David Mozersky is the President and co-founder of Energy Peace Partner (EPP), an organization built around the idea of leveraging climate and finance solutions to promote peace in fragile regions. He has a background in conflict prevention and peacebuilding, with a focus on the Horn of Africa, and has worked with the International Crisis Group, the African Union High-Implementation Panel on Sudan/South Sudan (AUHIP), and Humanity United, among others. EPP has developed the Peace Renewable Energy Credit (P-REC) as a financing mechanism to support renewable energy projects in countries affected by conflict, climate change and energy poverty. P-RECs link corporate sustainability procurement with high-impact, pro-peace projects in fragile states. To date, corporate P-REC purchases have supported new solar projects in the DRC and South Sudan. EPP is launching the P-REC Aggregation Fund to further scale this mechanism, and developing an M&E framework to measure the peace impacts of renewable energy.

Aanchal Bhatia

Innovative Finance Specialist, UN Peace Building Support Office (PBSO)
Aanchal Bhatia is the Innovative Finance Specialist at the UN’s Peacebuilding Support Office (PBSO), in the Secretariat’s Department of Political and Peacebuilding Affairs at UNHQ. Her main role includes supporting the development of innovative finance options for peacebuilding in conflict-affected settings as well as identify new policy frameworks and partnerships with a new set of actors, that will help the Secretary-General to implement his reform agenda. In the past, she has worked at the UN Capital Development Fund on their flagship women’s economic empowerment programme aimed at unlocking private capital for gender-responsive investments in East Africa and Southeast Asia. Prior to joining PBSO, Bhatia worked at UNICEF on public–private partnerships and innovation for children’s rights initiatives, including education, nutrition and social protection. She also worked in an investor outreach role during the design and launch phase at Convergence, a blended finance online platform bringing together public and private investors – including international financial institutions, foundations and private investors – for development deals in emerging and frontier markets. Prior to her experiences in development finance, Bhatia worked for over four years in private sector, in commercial lending risk management. Bhatia graduated from the School of International and Public Affairs (SIPA) at Columbia University in 2015, with an MPA focused on International Finance and Economic Policy.

Next steps and closing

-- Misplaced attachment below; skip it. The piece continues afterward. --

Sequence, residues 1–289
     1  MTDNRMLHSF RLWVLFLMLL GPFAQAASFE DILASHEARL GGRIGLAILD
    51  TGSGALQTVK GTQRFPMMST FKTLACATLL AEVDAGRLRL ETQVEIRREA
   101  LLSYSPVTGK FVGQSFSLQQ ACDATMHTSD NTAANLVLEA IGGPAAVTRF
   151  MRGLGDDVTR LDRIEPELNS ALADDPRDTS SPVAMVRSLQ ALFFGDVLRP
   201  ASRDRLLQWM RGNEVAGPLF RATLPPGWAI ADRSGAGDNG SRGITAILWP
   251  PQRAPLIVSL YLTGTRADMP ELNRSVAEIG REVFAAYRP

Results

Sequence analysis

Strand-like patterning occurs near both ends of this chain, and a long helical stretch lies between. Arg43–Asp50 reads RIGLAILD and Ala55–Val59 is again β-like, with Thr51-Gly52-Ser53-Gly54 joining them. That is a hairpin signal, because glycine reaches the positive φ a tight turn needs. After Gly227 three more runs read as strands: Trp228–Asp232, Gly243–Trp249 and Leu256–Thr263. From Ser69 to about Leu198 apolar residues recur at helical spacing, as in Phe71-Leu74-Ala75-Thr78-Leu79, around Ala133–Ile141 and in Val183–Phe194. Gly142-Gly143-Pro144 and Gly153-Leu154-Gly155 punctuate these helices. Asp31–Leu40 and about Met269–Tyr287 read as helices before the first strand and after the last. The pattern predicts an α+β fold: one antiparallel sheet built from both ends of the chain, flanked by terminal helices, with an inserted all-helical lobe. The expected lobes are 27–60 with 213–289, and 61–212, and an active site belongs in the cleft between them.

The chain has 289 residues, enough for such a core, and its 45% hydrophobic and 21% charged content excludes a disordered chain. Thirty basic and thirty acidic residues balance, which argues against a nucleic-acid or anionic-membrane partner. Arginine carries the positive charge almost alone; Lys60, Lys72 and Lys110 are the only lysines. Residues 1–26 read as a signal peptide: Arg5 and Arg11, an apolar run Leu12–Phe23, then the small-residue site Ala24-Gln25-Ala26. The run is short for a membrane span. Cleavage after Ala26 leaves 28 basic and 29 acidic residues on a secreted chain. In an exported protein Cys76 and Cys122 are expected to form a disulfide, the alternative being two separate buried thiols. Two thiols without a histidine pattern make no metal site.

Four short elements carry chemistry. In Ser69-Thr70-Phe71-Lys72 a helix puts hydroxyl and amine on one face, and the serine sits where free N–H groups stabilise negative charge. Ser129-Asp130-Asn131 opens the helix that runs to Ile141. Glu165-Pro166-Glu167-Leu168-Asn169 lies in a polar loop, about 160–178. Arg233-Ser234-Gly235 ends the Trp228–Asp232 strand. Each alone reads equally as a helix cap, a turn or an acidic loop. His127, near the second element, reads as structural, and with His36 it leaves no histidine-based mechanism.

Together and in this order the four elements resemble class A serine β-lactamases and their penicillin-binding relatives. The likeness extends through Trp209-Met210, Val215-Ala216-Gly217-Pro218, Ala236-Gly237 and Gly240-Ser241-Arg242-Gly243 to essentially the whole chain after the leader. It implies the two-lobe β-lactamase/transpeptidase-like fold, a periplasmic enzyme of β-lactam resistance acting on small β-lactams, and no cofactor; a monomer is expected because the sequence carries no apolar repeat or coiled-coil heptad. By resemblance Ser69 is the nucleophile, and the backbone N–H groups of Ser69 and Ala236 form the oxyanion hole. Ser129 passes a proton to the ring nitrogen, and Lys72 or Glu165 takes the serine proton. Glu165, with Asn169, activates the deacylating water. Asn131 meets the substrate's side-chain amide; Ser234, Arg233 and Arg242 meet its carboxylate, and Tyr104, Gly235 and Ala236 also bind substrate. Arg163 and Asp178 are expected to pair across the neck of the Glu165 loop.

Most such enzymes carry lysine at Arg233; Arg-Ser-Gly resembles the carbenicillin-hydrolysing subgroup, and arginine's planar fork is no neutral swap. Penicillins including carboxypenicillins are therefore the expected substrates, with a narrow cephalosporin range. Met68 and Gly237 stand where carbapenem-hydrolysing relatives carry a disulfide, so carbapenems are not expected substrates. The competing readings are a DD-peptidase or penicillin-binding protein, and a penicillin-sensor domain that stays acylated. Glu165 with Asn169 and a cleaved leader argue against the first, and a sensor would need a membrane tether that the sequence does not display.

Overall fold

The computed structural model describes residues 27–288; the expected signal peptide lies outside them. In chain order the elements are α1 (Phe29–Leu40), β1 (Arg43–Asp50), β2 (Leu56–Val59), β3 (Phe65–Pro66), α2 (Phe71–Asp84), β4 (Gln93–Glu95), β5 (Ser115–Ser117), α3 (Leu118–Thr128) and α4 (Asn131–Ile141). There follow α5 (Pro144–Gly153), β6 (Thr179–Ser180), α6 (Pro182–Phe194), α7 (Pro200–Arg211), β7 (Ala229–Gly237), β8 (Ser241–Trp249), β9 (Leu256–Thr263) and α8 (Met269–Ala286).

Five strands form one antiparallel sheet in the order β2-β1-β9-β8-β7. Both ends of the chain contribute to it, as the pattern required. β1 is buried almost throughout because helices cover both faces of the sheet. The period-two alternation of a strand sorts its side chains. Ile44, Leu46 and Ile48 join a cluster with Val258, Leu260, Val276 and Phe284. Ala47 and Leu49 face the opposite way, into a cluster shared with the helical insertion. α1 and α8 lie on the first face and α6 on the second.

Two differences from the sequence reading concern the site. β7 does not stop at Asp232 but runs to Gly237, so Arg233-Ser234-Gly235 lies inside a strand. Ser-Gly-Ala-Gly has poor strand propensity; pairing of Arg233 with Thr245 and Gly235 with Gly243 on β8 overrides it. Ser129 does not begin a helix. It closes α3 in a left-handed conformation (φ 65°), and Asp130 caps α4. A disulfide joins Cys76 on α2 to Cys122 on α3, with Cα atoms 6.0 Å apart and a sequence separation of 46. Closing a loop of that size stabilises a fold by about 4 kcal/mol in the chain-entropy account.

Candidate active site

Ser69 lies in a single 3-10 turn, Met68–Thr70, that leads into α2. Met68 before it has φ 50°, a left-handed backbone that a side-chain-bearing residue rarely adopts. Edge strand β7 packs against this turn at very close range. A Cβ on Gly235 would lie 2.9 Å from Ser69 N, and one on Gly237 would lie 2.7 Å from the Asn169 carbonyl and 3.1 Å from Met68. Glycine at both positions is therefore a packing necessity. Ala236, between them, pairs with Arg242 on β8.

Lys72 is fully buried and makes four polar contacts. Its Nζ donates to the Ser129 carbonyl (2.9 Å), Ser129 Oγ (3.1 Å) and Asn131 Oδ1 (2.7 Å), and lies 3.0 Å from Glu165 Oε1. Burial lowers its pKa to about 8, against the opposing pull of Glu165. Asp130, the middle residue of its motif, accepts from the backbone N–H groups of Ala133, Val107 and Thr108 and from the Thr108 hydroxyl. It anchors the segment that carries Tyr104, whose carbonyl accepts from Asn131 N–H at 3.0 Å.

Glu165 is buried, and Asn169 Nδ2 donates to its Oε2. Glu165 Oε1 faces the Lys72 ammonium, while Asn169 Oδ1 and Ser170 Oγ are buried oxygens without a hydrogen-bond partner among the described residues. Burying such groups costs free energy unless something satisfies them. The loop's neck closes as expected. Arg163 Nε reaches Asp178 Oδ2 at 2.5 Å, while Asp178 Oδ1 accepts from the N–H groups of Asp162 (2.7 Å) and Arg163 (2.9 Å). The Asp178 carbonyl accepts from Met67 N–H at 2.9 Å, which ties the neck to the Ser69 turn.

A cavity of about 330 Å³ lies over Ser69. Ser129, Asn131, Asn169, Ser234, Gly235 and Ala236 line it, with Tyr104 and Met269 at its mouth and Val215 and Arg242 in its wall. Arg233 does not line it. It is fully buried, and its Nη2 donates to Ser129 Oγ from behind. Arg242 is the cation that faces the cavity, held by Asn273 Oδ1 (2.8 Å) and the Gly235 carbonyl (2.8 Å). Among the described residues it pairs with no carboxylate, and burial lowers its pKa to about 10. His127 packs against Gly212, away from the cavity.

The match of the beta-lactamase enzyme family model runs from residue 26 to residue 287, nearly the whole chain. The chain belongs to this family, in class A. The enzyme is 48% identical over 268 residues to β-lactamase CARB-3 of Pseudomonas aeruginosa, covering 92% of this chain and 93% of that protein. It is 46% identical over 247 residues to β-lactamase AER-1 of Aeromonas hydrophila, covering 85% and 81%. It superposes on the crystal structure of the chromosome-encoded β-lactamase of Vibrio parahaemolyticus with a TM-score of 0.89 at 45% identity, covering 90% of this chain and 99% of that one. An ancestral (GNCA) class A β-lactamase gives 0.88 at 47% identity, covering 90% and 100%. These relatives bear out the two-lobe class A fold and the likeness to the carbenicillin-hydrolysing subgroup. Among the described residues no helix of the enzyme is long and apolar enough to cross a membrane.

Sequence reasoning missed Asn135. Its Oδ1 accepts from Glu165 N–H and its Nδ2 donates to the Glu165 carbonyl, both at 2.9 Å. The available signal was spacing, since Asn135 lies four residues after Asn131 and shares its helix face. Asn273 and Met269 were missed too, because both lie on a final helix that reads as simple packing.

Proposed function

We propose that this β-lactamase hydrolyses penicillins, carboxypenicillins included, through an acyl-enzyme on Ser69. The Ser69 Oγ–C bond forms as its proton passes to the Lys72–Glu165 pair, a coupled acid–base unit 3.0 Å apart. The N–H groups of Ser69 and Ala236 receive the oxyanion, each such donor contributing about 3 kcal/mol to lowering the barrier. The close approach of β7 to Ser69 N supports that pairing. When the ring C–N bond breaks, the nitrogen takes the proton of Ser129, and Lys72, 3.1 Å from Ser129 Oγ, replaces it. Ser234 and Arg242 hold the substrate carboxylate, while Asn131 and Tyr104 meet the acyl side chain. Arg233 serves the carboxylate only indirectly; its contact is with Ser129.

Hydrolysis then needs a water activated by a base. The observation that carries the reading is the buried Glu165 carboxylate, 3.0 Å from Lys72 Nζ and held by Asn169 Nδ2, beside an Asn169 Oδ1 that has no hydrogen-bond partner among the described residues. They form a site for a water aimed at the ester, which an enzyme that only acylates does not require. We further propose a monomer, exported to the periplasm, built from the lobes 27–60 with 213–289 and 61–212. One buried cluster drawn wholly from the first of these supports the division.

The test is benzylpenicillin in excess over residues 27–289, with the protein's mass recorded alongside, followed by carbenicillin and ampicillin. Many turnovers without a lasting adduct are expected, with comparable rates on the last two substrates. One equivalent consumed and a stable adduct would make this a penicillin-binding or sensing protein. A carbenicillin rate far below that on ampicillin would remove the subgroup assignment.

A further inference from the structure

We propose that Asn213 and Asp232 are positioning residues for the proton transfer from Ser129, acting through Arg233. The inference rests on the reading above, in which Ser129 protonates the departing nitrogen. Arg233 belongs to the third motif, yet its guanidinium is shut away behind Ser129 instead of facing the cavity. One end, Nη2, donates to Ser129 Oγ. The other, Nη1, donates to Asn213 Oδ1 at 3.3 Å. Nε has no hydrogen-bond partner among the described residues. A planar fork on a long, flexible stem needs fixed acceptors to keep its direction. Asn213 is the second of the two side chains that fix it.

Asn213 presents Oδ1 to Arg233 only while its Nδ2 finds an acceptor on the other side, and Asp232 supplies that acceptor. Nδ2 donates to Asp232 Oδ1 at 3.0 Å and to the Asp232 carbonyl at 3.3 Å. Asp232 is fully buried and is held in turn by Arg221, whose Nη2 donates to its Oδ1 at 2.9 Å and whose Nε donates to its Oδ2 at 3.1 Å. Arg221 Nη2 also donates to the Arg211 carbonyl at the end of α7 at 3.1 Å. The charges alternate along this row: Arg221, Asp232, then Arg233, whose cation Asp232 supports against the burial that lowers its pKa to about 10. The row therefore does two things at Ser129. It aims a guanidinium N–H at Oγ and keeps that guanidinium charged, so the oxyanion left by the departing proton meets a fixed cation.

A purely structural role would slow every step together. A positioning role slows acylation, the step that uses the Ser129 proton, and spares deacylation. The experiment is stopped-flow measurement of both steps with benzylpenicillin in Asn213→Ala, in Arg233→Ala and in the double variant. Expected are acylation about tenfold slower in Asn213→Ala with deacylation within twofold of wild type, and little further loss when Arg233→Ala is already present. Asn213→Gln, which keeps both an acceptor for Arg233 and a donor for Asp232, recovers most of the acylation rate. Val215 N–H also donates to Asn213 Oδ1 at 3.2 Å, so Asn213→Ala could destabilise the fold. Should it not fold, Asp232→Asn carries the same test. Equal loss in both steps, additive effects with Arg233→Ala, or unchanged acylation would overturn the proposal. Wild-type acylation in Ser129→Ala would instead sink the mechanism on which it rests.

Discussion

Marcus Lenzen

Deputy Chief of the Peacebuilding Fund, UN Peace Building Support Office (PBSO)
Marcus Lenzen is the Deputy Chief of the Peacebuilding Fund with the UN Peacebuilding Support Office (PBSO) in the Department for Political and Peacebuilding Affairs in New York, where he focuses on the Fund’s strategy and partnerships. Prior roles included Senior Conflict Adviser with the UK’s Department for International Development, where he led policy work on the Department’s ‘Building Stability Framework’ and peacebuilding programming in Nigeria. He also held positions with the UN Development Programme’s Crisis Bureau, advising country offices on conflict analysis, conflict prevention and peacebuilding programming; and served with the GIZ in Guatemala and Peru supporting national human rights actors and truth and reconciliation processes. Marcus has over 20 years of experience working at the interface of peacebuilding and development and a keen interest in transitional justice. He holds a Master’s degree in Development Management from the London School of Economics and Political Science, and a Master’s degree in Political Science, Modern History and Applied Cultural Studies from the University of Muenster, Germany.
Deike Potzel

Deike Potzel

Director General of the German Federal Foreign Office for Crisis Prevention, Stabilisation, Peacebuilding and Humanitarian Assistance
Ambassador Deike Potzel is Director General for Crisis Prevention, Stabilisation, Peace Building and Humanitarian Assistance at the Federal Foreign Office.
Previously, she served as Inspector General at the Federal Foreign Office. She was Germany’s Ambassador to Ireland, Deputy Director-General for Central Services at the Foreign Ministry and Head of the Personal Office of Federal President Joachim Gauck. She also served as Deputy Head of Division for Personell, Staff Development and Planning, Desk Officer for Iran and the Gulf Countries as well as the EU-Enlargement desk at the Foreign Ministry. She was posted to Iran and Singapore. Ambassador Potzel studied English and French Language and Literature. She is married with two grown-up children.